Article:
New programming staff 'opens for business' Mon.
TLC’s new Los Angeles headquarters will hang an “open for business” sign on Monday, as the net’s new programming team officially takes its seat.
New TLC senior veep of programming Brant Pinvidic has hired a dozen primetime programming execs from a variety of studios, networks and production companies to help usher in the cabler’s new West Coast era. Pinvidic said he spent six weeks putting together his team.
“I went to people I always admired and thought were stars,” he said. “We were looking for really creative, dynamic execs with energy and passion. Being on the selling side for the past few years (at GRB Entertainment), I got to meet a lot of the buyers who have those skills.”
That group includes programming veep Brent Zacky, who moves to TLC from E! Entertainment TV, where he exec produced shows such as “The Girls Next Door” and “Dr. 90210.”
“He’s got a lot of skills I don’t possess,” Pinvidic said. “I asked him if there was any way he’d come over and make it work.”
Also new to the channel are a pair of executive directors: Tracey Lentz, who comes from GSN, and Christy Dees, a former development VP for Asylum Entertainment.
Named directors of programming: Angela Molloy, formerly international development VP at 3Ball Prods.; Eric Black, former development VP at Pie Town Prods.; Stephanie Bianco, former current series director at the Style network; and Mariana Manela, former alternative/specials director at NBC Entertainment.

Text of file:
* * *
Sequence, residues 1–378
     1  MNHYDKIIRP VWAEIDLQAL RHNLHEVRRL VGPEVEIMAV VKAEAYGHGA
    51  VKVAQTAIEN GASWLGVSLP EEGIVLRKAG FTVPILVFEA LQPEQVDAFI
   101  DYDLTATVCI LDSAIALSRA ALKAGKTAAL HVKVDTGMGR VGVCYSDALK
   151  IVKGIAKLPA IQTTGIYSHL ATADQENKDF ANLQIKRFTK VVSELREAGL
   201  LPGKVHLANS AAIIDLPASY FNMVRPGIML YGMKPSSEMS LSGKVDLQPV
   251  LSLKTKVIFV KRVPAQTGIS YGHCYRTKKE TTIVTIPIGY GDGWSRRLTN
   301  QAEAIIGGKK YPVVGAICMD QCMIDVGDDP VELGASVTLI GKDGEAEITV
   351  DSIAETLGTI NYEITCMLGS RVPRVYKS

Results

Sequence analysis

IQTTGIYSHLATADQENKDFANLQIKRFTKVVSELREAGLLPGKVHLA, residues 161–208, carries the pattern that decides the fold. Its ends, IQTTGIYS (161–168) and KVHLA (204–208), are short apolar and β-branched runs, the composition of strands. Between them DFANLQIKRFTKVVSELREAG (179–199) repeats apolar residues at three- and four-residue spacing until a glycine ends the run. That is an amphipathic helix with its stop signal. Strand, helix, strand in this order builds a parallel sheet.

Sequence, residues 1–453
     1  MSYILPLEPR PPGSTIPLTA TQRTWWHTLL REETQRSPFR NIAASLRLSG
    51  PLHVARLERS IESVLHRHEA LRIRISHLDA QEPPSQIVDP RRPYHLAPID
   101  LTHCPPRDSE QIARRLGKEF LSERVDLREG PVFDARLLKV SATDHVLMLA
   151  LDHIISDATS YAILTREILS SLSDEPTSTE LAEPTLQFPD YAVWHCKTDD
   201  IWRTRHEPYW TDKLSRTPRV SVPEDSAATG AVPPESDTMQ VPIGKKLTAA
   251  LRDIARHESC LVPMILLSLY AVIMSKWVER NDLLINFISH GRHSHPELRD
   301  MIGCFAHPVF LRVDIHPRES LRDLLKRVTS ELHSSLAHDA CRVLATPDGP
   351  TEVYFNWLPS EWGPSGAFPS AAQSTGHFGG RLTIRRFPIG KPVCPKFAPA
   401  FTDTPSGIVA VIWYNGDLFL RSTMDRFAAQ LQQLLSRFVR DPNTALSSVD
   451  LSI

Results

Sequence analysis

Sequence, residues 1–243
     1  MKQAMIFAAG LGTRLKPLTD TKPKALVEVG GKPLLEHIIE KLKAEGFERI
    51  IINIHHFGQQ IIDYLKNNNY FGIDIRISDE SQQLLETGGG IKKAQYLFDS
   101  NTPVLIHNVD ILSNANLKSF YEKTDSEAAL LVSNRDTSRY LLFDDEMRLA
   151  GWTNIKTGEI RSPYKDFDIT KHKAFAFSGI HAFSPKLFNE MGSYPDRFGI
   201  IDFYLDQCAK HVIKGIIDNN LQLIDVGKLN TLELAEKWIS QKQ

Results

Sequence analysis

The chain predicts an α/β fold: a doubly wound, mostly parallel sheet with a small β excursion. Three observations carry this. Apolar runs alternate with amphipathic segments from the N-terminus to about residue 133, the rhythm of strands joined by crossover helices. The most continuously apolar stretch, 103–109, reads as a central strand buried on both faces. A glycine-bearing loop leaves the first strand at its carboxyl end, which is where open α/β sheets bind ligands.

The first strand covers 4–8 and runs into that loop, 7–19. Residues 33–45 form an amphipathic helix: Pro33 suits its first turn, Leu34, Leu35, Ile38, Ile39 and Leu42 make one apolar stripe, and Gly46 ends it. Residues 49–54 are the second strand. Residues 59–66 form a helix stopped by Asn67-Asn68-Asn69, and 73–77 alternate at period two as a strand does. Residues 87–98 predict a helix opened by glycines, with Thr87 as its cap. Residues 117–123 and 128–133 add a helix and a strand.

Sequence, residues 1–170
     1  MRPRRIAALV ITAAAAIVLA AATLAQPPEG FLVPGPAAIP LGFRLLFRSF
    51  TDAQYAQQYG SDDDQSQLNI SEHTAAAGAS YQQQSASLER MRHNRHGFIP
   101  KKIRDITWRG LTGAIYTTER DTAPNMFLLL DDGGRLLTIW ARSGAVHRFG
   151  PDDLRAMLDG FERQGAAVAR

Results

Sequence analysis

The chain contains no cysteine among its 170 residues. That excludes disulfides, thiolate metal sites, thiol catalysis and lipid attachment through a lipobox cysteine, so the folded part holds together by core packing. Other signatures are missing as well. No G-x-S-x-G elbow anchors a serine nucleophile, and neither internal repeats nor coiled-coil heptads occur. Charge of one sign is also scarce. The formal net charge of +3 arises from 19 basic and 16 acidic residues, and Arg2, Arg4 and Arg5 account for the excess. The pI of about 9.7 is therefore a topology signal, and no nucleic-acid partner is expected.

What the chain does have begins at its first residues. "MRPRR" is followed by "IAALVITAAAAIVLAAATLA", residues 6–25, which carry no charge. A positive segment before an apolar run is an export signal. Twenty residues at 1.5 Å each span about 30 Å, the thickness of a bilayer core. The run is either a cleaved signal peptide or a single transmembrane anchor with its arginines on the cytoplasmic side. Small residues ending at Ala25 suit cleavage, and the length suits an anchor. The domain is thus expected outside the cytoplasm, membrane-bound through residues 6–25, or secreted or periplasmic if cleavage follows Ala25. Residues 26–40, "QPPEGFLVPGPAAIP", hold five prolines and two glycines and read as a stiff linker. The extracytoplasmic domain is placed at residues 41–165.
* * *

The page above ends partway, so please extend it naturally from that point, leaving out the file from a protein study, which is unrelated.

As managers of programming, TLC has hired former GRB development director Holly Hines; former Madison Road Entertainment director Chris Ceccarelli; and ex-Fox TV Studios manager Jennifer McGovern. John Hein and Brian Robles also join as coordinators.
“We were able to handpick execs with different skills to augment each other,” Pinvidic said. “When you’re building a team this large, you want to make sure people gel.”
The new execs will be handed a mix of returning shows and new development to handle; TLC has already purchased more than a dozen projects to start working on, he said.
“There’s going to be a steep learning curve here in terms of saying, ‘Here are the shows that are working; how do we make them stick?’ and ‘Here are the shows that aren’t; how do we make these shows say they’re a TLC show?'”
Under prexy-general manager Angela Shapiro-Mathes, who spearheaded TLC’s move from Discovery’s Maryland HQ to Los Angeles, Pinvidic said he’s been given the creative freedom “to take some big shots.”
“A lot of the (new hires) had frustration at the other networks, a lot of red tape and layers,” he said. “There’s no red tape here. There are no layers here.”
Pinvidic said viewers will start to see the impact of TLC’s new West Coast management by the middle of next year. The net’s current prime hits include “L.A. Ink,” “What Not to Wear,” “Little People Big World” and real estate shows such as “Property Ladder.” Cabler launches the “Miss America Live” reality skein and special in January.